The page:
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Chemical Speciation of Inorganic Compounds under Hydrothermal Conditions

Description: This project utilizes the high-intensity x-rays available at the Advance Photon Source (APS) to study the inorganic chemistry associated with tank waste vitrification. Although the chemical conversion of waste under high-temperature conditions is an integral part of these processing technologies, there is virtually no information in the published literature about the chemical speciation of inorganic compounds under actual processing conditions. This is primarily due to the lack of techniques that are capable of making in situ measurements of aqueous systems above 300 C. The ongoing x-ray-based studies are identifying the chemical species, oxidation states and ion pairing of inorganic compounds under extreme solvent conditions. It is imperative to make in situ measurements since we have shown that the chemical speciation is strongly dependent on temperature. Several complimentary techniques are being used in this study including x-ray absorption fine structure (XAFS), diffuse anomalous x-ray scattering (DAS) and vibrational (IR & Raman) spectroscopy. Thus, the results of this work are providing information critical to the calcining and vitrification of tank wastes. The results will also have a direct bearing on specific issues such as volatility of Tc (or Re) compounds and the complex chemistry of chromium compounds.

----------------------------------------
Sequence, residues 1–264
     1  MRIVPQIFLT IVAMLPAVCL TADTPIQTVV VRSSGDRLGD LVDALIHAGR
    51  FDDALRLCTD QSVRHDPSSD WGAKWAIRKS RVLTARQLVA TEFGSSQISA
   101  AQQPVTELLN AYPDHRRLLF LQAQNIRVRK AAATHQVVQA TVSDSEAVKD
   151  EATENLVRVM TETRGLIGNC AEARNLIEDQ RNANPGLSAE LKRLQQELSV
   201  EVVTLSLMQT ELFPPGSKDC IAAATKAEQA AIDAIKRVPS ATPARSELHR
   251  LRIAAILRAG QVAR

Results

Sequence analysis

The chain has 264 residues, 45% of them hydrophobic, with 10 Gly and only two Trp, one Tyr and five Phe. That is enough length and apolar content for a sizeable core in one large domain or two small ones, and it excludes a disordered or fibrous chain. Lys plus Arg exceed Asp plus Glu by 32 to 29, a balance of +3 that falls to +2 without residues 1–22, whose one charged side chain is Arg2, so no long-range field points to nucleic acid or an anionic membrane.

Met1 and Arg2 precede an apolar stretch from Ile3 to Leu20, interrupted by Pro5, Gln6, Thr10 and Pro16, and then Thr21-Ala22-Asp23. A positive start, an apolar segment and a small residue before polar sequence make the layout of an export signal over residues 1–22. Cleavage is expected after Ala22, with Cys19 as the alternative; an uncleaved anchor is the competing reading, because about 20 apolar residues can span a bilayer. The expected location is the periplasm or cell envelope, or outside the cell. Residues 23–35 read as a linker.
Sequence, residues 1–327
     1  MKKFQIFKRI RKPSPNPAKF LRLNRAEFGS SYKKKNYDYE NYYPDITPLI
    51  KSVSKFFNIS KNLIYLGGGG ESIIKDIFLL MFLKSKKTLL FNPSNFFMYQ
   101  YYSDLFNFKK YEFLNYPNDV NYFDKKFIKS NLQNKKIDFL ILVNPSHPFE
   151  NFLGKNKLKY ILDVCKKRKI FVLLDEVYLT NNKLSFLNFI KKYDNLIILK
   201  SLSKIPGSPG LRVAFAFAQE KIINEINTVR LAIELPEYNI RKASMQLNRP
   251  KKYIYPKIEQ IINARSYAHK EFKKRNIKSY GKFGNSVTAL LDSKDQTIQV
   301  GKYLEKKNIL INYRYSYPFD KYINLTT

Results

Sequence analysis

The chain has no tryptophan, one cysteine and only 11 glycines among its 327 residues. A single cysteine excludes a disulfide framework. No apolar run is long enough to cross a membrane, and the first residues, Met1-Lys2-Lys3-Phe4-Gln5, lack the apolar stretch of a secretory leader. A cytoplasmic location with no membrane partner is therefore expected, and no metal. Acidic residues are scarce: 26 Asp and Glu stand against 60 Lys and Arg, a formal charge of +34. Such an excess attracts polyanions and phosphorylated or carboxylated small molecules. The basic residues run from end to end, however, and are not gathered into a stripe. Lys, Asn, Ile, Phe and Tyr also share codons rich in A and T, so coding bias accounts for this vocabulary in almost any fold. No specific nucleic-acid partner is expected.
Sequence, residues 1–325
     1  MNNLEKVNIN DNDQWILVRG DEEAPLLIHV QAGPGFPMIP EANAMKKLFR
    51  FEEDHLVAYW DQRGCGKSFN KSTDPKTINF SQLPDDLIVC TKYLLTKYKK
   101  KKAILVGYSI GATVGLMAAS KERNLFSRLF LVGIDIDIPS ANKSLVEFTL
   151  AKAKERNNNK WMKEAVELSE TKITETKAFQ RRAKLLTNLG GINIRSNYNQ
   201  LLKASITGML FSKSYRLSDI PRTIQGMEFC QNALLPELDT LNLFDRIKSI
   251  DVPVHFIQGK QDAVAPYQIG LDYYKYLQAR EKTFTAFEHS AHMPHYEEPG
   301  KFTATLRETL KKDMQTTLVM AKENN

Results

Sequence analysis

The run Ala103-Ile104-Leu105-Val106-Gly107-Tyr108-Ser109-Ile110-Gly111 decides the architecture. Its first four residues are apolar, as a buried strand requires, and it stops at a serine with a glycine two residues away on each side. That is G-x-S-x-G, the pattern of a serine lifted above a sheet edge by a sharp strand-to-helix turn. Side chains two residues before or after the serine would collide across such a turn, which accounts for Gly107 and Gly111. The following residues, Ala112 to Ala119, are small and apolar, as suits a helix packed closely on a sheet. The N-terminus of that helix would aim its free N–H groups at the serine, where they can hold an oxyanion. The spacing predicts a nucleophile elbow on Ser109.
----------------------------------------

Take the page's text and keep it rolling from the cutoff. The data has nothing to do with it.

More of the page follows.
Date: June 1, 2000
Creator: Stern, Edward A.; Fulton, John L. & Seidler,Gerald
Partner: UNT Libraries Government Documents Department

Chemical Speciation of Inorganic Compounds under Hydrothermal Conditions

Description: By employing XAFS spectroscopy we are seeking a better understanding of the high temperature aqueous chemistry and speciation of those components that are troublesome to the treatment of the Hanford tank wastes: namely Cr, Re (surrogate for Tc), Fe, Ru (surrogate for Pu), and NO3 -/NO2 -. After initial experiments revealed that the high corrosivity of some of these aqueous systems renders the original high-pressure/high-temperature XAFS flow cell unsuitable of these systems, we have quickly implemented a new XAFS flow cell design made from Pt/Ir alloy. Over the last 12 months we have been able to obtain a number of groundbreaking results with this new XAFS cell, which we will briefly highlight.
Date: June 1, 1999
Creator: Stern, Edward A.; Fulton, John L. & Seidler, Gerald
Partner: UNT Libraries Government Documents Department